Thursday, May 1, 2014

Gil Cook: Resolution

Gil Cook

This is the ninth post in a series about my Grandma's cousin, Lawrence Gilbert Cook.

Gil Cook's plane went down over Burma on October 28, 1943.  His mother and the families of the other eight crew members spent many months searching for answers about what happened to the plane and their loved ones.   One full year later, in October of 1944, the War Department officially declared Gil Cook dead.

29 October 1944

Dear Mrs. Rutherfurd,

Since your son, Second Lieutenant Lawrence G. Cook, 0735053, Air Corps, was reported missing in action 28 October 1943, the War Department has entertained the hope that he survived and that information would be revealed dispelling the uncertainly surrounding his absence.  However, as in many case, the conditions of warfare deny us such information.  The record concerning your son show that he was a crew member of a B-24 Liberator bomber and that he participated in a mission to Toungoo, Burma, which is approximately fifty miles north of Rangoon, on 28 October 1943.  His plane exploded in midair and went down in the target area.

Full consideration has recently been given to all available information bearing on the absence of your son, including all records, reports and circumstances.  These have been carefully reviewed and considered.  In view of the fact that twelve months have now expired without the receipt of evidence to support a continued presumption of survival, the War Department must terminate such absence by a presumptive finding of death.  Accordingly, an official filing of death has been recorded under the provisions of Public Law 490, 77th Congress, approved March 7, 1942, as amended.

The finding does not establish an actual or probable date of death; however, as required by law, it includes a presumptive date of death for the termination of pay and allowances, settlement of accounts and payment of death gratuities.   In the case of your son, this date has been set as 29 October 1944, the day following the expiration to twelve months' absence.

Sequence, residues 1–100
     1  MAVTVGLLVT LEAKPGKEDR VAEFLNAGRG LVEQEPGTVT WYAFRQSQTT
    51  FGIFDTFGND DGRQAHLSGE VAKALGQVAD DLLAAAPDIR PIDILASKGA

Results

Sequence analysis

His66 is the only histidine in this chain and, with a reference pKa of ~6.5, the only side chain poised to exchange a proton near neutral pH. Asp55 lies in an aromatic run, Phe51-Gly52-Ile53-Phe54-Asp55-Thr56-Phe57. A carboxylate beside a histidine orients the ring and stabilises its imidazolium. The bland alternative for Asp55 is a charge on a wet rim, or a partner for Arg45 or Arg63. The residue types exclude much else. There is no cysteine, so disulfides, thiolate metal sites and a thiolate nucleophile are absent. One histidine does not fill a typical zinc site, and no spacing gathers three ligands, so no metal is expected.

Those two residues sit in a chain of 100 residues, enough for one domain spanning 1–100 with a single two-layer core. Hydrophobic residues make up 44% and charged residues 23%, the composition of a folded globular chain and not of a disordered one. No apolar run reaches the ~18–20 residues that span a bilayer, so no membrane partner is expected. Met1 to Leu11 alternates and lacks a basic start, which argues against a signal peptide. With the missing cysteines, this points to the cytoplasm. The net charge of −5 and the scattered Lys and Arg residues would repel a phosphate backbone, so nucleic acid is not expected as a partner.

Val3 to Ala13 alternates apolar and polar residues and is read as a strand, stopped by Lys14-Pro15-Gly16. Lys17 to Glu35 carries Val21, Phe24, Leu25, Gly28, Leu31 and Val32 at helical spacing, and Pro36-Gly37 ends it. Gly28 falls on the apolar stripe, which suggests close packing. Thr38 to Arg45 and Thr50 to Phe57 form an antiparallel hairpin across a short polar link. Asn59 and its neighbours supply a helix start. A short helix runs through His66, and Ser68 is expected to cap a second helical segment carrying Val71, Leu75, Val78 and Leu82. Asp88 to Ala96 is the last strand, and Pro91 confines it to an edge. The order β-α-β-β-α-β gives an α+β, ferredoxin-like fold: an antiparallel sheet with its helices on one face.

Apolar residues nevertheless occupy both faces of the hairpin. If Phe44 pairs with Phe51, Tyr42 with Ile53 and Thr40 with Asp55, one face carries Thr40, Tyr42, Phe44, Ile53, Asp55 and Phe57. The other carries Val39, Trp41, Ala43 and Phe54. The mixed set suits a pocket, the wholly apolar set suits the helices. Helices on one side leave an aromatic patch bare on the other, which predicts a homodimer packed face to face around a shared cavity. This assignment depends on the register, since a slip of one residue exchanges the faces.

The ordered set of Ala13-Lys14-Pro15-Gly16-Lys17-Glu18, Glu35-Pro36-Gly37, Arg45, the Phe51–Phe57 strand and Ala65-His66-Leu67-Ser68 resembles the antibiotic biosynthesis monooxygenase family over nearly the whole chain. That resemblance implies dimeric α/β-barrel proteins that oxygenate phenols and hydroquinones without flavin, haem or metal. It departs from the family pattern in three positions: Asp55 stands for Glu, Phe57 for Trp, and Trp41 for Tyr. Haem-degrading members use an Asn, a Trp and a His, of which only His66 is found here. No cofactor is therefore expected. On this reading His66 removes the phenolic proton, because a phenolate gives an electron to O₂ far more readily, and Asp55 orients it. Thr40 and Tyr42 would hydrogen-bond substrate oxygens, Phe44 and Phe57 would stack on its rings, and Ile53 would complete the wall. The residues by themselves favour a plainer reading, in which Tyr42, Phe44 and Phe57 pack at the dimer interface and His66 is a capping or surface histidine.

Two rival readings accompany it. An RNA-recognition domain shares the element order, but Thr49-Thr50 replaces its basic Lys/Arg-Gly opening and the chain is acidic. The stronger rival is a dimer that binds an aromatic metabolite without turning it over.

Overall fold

I regret the necessity for this message but trust that the ending of a long period of uncertainty may give at least some small measure of consolation.  I hope you may find sustaining comfort in the thought that the uncertainty with which war has surrounded the absence of your son has enhanced the honor of his service to his country and of his sacrifice.

Sincerely Yours,
s/ J.A. Ulio
Major General
The Adjutant General

In December of 1944, Gil Cook was awarded a posthumous Purple Heart for his service.  Gil's mother, Magdalene Rutherfurd, received the following letter from the War Department informing her of the award.

December 13, 1944

My dear Mrs. Rutherfurd,

At the request of the President, I write to inform you that the Purple Heart has been awarded posthumously to your son, Second Lieutenant Lawrence G. Cook, Air Corps, who sacrificed his life in defence of his country.

Little that we can do or say will console you for the death of your loved one.  We profoundly appreciate the greatness of your loss, for in a very real sense the loss suffered by any of us in this battle for our country is a loss shared by all of us.  When the medal, which you will shortly receive, reaches you, I want you to know that with it goes my sincerest sympathy, and the hope that time and the victory of our cause will finally lighten the burden of your grief.

Sincerely yours,
s/ Henry L. Stimson

A letter followed from the Army Air Forces.

My dear Mrs. Rutherfurd:

With keen regret I have learned that an official determination has been made of the death of your son, Second Lieutenant Lawrence Gilbert Cook, who has been missing in action since October 28, 1943, in the Asiatic Area.

Word has come to me that Lieutenant Cook was a conscientious and dependable cadet who developed into an officer of real worth.  he made the most of his opportunities throughout training and graduated from the Advanced Flying School at Douglas, Arizona, with a commission and rating of pilot.  His sportsmanlike attitude and willingness to cooperate to the best of his ability marked him as a valuable airman.

Your son made a fine contribution toward the furtherance of our cause and sacrificed his life bravely.  May your pride in him comfort you in your bereavement.

I offer my deep sympathy to you and other members of the family.

Very sincerely,
s/ H. H. Arnold
General, U.S. Army,
Commanding General, Army Air Forces

In addition to the Purple Heart, Gil was posthumously awarded the Air Medal "for meritorious achievement by participating as pilot from 13 June to 27 September 1943 in heavy bombardment missions totaling more than one hundred hours during which exposure to enemy fire was probable and expected.  These flights, in which he has flown from bases in India, over Burma, Thailand, and the Andaman Islands, have been eminently successful."

At the time of the declaration of Gil's death and the awards bestowed upon him, Magdalene Rutherfurd was living with her husband and daughter in Henderson, Nevada.  For unknown reasons, the War Department misdirected much of their communication to her to Redwood City, California.  Magdalene wrote to the War Department, asking that they correct her address and please send the Air Medal to Nevada, not California.  After a long and painful year, there was finally an official resolution for Magdalene and the families of the other missing airmen.

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